Before you say it, I know failure can be fun. Really, I do. I write games about failure. But consistant failure and unlikely failure can be demoralizing.

Cards, as used in With Great Power…, sidestep this by emphasizing the play of the cards you’ve already got. There are usually multiple ways to respond to your opponent, so it’s very hard to draw consistently bad cards. If you don’t have high cards in the current suit, that means you likely have enough cards of another suit to change style and play in that suit instead.

Putting the choice in the center of resolution, rather than the appeal to Dame Fortune, increases the impact of each use of the resolution system. More impact per use in a short game format leads to better game.

At least for me.

Very, very busy week last week. Started off with recovering from Southern Exposure, only to find that Carl had reviewed WGP on RPG.net He’s was very complimentary, and there was no real fire in the discussion thread, which I kinda screwed up anyway. But there was a small spike in orders, so it’s all good.

Later, Chris Weeks posted about some typos and questions he had with the text. And he prefaced his comments with some very kind words. If you’ve met Chris, he doesn’t say things that he doesn’t mean, so I’m again caught unawares. I’m not good with the compliments. I almost preferred it when they were calling me a mugger.

Friday night was finishing up Character Burning for the Burning Wheel pirates game. I’m prepping a big long post on that for either the Forge or the BW forums. We also played The Sword, although it only went “okay.”

Kat and I are finding our way back into our freeform role-play groove. We haven’t been there in a long while–primarily my fault. I can only stay there for a short while, but I’m working on it.

Oh, and I just posted why I don’t consider MLwM a “horror RPG.”

And I’ve gotta go to work tomorrow, although the kids have off. Youth is wasted on the wrong people…

Southern Exposure 2005, Part II

Picking up Saturday afternoon. My mood was much improved after the morning’s WGP game. I was keen to play in Scott’s Sorcerer scenario, as I had run Sorcerer for him two years ago. I believe he had a full four players signed up, so I hung out with Luke waiting to see if there would be an empty seat for me. There were four empty seats, so the game folded.

This was about twenty minutes after the start of the timeslot. Up until now, Luke had nobody for his scheduled run of “The Gift.” Suddenly, a number of stragglers from folded games (including me, Scott, and Continuum’s Chris Adam) descended en mass. We played The Gift with a full complement of eight.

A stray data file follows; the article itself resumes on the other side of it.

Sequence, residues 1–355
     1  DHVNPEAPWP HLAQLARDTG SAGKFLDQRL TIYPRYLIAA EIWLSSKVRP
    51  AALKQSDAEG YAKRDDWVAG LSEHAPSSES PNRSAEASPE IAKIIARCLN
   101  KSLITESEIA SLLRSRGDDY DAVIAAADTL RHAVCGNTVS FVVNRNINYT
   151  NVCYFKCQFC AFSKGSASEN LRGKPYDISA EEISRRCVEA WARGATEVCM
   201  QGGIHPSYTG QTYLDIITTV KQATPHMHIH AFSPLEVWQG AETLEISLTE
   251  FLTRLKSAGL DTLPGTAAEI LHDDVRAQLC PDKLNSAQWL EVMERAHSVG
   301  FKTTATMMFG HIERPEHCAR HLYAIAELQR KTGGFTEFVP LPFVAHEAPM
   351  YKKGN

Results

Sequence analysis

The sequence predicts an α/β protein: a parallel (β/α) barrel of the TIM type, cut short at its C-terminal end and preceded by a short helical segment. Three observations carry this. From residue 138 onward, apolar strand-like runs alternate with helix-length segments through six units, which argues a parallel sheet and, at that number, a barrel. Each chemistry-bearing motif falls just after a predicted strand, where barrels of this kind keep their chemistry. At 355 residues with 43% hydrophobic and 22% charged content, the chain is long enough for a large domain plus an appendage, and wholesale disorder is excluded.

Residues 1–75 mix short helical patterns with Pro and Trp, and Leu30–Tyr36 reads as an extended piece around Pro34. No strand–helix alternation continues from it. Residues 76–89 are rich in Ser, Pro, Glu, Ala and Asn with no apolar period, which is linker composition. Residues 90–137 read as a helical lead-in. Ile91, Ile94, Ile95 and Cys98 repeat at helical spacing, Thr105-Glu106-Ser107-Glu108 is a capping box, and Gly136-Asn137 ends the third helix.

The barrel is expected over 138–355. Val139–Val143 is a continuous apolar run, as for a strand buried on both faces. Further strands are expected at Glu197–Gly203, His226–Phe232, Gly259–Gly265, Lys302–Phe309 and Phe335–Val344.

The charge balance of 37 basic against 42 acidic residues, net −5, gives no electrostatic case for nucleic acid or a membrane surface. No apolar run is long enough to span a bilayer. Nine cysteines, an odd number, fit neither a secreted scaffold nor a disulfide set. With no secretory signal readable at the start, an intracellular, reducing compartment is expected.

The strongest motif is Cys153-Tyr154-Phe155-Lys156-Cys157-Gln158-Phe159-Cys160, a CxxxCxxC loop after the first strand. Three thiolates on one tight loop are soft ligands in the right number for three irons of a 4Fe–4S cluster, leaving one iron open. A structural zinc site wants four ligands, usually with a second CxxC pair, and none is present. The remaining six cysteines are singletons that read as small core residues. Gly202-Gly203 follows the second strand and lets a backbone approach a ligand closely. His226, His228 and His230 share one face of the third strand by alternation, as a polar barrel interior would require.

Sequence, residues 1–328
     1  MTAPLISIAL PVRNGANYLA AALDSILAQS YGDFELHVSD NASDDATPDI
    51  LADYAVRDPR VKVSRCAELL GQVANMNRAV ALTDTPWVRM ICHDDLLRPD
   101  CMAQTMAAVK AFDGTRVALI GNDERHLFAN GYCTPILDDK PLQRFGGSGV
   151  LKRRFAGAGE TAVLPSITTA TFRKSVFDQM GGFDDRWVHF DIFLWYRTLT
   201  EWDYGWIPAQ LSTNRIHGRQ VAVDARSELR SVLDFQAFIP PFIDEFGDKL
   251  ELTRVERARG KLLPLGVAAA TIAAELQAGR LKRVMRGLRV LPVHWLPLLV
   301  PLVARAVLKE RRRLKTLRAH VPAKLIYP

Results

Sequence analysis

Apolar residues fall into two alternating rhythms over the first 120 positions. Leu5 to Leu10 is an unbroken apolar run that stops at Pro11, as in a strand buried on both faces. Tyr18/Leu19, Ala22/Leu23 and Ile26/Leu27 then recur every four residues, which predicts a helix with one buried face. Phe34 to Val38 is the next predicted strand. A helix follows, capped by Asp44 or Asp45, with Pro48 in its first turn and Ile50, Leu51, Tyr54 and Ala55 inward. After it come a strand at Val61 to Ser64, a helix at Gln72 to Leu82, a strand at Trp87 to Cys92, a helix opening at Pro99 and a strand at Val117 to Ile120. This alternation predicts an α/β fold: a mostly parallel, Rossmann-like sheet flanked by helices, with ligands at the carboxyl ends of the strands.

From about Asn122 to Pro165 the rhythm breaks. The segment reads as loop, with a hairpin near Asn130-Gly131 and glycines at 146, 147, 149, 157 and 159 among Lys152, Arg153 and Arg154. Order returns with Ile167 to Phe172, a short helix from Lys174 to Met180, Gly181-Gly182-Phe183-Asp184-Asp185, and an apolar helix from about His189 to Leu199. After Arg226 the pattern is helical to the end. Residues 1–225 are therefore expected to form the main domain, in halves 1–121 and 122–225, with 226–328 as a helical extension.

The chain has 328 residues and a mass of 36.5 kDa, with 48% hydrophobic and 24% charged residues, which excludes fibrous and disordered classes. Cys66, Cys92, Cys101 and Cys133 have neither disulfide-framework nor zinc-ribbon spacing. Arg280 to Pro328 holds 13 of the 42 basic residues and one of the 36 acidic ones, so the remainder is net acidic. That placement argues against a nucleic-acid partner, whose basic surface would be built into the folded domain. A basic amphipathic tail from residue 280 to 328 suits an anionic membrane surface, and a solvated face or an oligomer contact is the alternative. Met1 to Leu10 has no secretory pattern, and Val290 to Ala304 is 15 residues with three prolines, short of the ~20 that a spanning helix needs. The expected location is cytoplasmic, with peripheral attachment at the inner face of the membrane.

I was the Dwarven chancellor-type character. The Dwarven prince had never played BW before. He and the player of the Elven prince were buddies and both very entertaining, acting-wise. The elven prince gave a performance like Alan Rickman as a foppish elven lordling. It was fun to watch … for the first hour. I guess because both of them were buddies, they only wanted to posture and circle and never bring anything to a head.

I probably should have driven things harder, but I didn’t want to steamroll the guy (my prince) in his first BW game. That’s a bad habit I need to work on. Particularly in BW, you *can’t* steamroll another player without opening yourself to the possibility of being steamrolled as well.

Anyway, The Gift went alright. I got in a Duel of Wits against Scott as the elven Loremaster. I won with 1 point left in my body of argument because I scripted a perfectly-timed Rebuttal, but allocated too many dice to attack and not enough to defense.

We hung out and ate some of my wife’s amazing pumpkin pie. Then, at 8pm it was time for Master.

I had 2 players who had never played MLwM, plus Kat, who’s bothed minioned for me and Mastered in her own right. We started late. We moved our table. There were some interruptions. The energy just wasn’t there. The two players (Jeff and Jillian. IIRC) had a bit of a flair for the absurd and silly. Always dangerous in a MLwM game. And I didn’t ward it off nearly enough. It was still a pretty good session, which is much more of a testament to Paul than to me. I think I might step away from MLwM for a little while. There’s a potential LJ entry in my head entitled “My Life with ‘My Life with Master.'”

Sunday brought two canceled games, and leisurely packing of the car, heading home, eating at a Turkish place for lunch (not really my thing), goin’ to the orchard, fevered retrieval of K. from her grandparents, and general resting.